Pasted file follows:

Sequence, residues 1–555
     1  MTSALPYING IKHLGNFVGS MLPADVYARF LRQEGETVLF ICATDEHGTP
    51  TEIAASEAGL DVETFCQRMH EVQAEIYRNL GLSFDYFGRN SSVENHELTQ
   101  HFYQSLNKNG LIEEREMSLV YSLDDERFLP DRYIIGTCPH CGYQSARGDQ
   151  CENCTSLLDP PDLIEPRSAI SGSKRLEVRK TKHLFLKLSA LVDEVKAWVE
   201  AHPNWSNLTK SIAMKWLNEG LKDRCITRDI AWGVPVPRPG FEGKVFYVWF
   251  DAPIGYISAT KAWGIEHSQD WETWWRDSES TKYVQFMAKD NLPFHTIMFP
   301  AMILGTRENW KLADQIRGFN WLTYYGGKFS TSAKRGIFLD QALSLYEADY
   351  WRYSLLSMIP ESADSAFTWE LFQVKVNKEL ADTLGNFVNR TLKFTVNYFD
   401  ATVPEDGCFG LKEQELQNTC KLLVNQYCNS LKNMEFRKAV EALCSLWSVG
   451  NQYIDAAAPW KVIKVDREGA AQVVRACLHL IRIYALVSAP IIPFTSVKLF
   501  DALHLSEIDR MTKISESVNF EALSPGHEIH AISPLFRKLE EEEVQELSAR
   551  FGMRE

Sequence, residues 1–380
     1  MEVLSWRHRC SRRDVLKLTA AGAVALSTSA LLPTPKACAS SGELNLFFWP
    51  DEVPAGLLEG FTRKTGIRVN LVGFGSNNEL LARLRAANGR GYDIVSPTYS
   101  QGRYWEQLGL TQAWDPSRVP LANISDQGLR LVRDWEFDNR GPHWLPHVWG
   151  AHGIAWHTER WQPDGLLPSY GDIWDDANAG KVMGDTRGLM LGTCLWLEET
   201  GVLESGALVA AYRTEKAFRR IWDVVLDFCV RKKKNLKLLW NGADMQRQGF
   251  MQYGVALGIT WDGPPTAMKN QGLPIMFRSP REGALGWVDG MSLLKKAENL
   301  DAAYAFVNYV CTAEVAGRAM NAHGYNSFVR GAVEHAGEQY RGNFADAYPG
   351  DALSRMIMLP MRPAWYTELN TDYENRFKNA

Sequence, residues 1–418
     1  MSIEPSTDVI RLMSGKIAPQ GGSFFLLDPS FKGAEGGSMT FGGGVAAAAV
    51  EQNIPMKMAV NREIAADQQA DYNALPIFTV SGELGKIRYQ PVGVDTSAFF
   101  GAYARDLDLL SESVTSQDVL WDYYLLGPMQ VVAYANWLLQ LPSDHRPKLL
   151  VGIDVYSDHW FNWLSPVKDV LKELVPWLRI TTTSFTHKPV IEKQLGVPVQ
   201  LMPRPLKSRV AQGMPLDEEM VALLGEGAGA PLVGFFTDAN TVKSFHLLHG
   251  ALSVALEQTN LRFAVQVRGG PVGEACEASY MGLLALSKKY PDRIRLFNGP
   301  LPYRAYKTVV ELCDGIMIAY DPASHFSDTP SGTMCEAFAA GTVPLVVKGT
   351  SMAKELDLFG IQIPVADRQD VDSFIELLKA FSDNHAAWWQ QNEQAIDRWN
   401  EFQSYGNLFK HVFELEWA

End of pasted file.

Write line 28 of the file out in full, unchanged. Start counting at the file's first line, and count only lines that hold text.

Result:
   201  LMPRPLKSRV AQGMPLDEEM VALLGEGAGA PLVGFFTDAN TVKSFHLLHG